Citi’s Corbat warns banks: Don’t become ‘the dumb utility’
Citigroup CEO Michael Corbat said Wednesday that while institutions should be open to partnerships with technology and fintech companies, they need to be careful not to give away too much in the process.
Citi is "very conscious around not being the dumb utility — being very conscious about not giving away unconsciously the client-customer ownership that’s there,” Corbat said.
His comments come just a week after Google announced it would take a major step into finance via a partnership with Citigroup to offer consumer checking accounts. Details around the Google-Citi checking accounts remain murky, but Corbat made it clear he saw benefits for his institution in the deal. He presented the partnership as "an interface between Google search and the Google app” with an embedded tool that could facilitate customer transactions.
“Say you go on and search for a garden hoe, go to a site, and buy it,” Corbat said during a CEO roundtable at a Bank Policy Institute conference. “Google gets the search, but they don’t necessarily capture the end transaction as a part of that. What this is, if you want a bank account — hopefully a Citi account — in there, you’ll be our customer.”
Corbat said that Google will have access to at least some of the data.
“We’ll have access to the data, Google will have access to the transactional data and the search listing that in many cases they already have today,” Corbat continued. "But there will be a convenient point where, again, around single click or whatever the mechanism is, you’ve got the ability to consummate that transaction.”
Overall, Corbat said the conversations between fintechs and banks have evolved over the past five to seven years. He recalled meeting a young Silicon Valley entrepreneur several years ago: "I'm paraphrasing, but he looked at me and pretty much said, 'We've come to eat your lunch, old man.' "
But the tone has changed as fintechs realized the regulatory hurdles involved in banking. "What we've seen in some ways is a coexistence."
"I think in general, the industry is kind of challenging each other and it's making us all better what we do," he said.
Corbat's discussion came as part of a panel involving several other large-bank executives — U.S. Bancorp CEO Andrew Cecere, Synchrony CEO Margaret Keane, Comerica Bank CEO Curtis Farmer and Regions Financial CEO John Turner — who raised other concerns about technology.
“You have to be careful running after those shiny objects,” Keane said. “I think an organization can get lost in, ‘Wow, that [product] looks really cool,’ but no one really wants it.”
But all the CEOs echoed the necessity of working alongside fintech firms to stay competitive.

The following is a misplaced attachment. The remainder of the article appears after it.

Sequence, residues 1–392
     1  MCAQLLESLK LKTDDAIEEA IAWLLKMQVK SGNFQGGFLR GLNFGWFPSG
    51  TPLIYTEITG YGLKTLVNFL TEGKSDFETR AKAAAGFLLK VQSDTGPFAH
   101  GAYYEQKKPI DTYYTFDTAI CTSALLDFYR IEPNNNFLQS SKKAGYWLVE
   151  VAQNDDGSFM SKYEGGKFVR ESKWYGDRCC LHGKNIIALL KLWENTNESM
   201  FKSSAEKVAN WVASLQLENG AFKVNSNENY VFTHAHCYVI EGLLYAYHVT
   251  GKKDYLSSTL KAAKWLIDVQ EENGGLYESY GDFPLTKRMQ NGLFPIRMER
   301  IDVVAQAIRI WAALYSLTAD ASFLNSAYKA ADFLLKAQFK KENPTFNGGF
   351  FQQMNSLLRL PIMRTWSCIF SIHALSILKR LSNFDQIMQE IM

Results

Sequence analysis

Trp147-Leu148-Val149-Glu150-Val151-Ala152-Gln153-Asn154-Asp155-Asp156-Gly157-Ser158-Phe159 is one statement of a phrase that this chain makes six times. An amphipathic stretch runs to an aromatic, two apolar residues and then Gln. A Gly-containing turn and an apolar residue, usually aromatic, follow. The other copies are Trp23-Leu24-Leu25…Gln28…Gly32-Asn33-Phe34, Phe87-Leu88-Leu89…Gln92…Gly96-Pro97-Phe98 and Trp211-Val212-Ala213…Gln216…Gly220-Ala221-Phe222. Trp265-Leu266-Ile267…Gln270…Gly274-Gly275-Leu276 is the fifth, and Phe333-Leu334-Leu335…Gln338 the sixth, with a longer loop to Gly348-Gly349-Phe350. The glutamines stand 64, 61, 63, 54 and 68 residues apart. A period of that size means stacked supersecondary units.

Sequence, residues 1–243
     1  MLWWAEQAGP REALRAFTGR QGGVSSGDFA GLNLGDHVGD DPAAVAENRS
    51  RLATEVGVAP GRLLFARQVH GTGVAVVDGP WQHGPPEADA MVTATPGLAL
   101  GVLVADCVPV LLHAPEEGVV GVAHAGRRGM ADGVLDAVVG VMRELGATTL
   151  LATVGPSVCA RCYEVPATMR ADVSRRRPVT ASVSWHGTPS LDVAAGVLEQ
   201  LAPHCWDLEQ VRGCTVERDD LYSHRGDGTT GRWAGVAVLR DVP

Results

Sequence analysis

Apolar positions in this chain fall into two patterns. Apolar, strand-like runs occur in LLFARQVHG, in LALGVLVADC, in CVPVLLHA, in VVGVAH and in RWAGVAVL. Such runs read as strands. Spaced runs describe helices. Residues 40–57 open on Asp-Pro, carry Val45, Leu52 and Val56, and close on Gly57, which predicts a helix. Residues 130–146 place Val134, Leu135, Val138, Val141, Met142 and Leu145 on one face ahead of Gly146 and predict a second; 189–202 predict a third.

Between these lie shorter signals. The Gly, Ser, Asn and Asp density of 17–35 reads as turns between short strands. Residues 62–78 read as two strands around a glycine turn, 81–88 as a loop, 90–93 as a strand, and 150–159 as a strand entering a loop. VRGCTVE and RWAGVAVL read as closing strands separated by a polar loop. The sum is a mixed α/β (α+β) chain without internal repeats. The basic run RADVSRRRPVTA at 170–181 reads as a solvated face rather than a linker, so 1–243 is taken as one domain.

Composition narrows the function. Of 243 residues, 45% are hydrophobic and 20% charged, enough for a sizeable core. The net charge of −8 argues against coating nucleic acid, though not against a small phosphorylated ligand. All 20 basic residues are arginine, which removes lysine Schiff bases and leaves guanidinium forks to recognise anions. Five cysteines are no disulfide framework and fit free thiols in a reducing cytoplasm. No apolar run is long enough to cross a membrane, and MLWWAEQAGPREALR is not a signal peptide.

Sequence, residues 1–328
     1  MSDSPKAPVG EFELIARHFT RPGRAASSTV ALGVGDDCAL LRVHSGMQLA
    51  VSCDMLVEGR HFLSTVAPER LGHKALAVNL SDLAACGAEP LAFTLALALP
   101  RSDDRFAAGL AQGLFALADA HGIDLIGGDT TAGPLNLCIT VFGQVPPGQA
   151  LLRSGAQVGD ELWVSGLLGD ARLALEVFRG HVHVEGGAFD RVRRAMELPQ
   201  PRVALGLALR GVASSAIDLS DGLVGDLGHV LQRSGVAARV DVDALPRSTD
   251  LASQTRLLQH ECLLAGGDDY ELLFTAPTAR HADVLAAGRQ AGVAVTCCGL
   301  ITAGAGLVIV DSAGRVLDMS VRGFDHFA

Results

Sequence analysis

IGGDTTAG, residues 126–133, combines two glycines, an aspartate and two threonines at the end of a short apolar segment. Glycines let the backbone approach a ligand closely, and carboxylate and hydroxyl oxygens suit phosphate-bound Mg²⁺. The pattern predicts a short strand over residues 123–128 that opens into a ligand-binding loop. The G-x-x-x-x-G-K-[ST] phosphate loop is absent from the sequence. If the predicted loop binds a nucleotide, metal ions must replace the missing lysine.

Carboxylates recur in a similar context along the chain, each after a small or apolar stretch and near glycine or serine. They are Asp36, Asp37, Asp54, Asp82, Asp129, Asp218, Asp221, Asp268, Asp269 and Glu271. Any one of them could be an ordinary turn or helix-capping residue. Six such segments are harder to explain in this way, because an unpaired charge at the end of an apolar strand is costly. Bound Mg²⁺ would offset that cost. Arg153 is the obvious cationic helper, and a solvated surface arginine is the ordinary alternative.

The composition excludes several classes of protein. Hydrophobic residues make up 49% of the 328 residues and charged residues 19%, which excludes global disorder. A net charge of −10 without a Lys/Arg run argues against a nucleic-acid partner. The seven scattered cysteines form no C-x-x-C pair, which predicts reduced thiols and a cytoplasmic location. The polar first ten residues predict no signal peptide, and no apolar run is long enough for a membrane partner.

“Banks have the customer relationship, the balance sheet with the deposits, we have all of financial services, but there are some [fintechs] with some thin slice that they do better and faster and more capable, and they’re unregulated,” Cecere said.
“One lesson we’ve learned for sure is scalability,” he added. “We have to make sure that what works for a hundred works for a million.”
Working with fintechs often means changing up processes that may have been in place for years, Farmer said. “For us, the journey has been really focusing less on our legacy platforms and more on migration," he said.
“Being able to coordinate with a couple of key third party vendors allows us to move quicker to market with probably less customization capabilities.”
Several CEOs agreed, however, that the richest ground for fintechs remains the payment processing industry.
“With consumer payments in particular, you can come in, you don’t have to be regulated, it’s not capital intensive, per say, you get paid to do it when you get swipe fees, and you get consumer data to decide how you’re going to expand those boundaries,” Corbat said.
Cecere echoed that, saying that payments had “the most capabilities and potential value in terms of data and information it can utilize.”
Data was also an object of consternation for several executives. Many of the CEOs repeated the truism that customer data is ultimately owned by the customer, emphasizing that privacy reform in California and Europe would make that doubly important.
“I’m a believer that, if the customer doesn’t want their data shared, we shouldn’t be sharing it,” Keane said. “We’ve all been in a business where we have strong privacy rules and regulation, and I put this at a similar level.”
But Keane also pointed to entities outside of banks that may have a growing role.
“We have to get a better handle on what is really happening outside the industry, and where there's things that are occurring that may not be in the best interest of the customer," she said.
For their part, the CEOs collectively winced at the notion of trying to comply with a patchwork quilt of privacy frameworks in the U.S., even as Europe’s GDPR and California’s emerging privacy laws bring their own headaches.
“It has the ability to be a nightmare,” Corbat said.
Rather than incorporating dozens of privacy schemes across the country, he said, “as an industry, we need to be pushing very hard at the state level not to get into this continual gold plating as we go across the country, and push our local politicians and legislators as much as we can for harmonization.”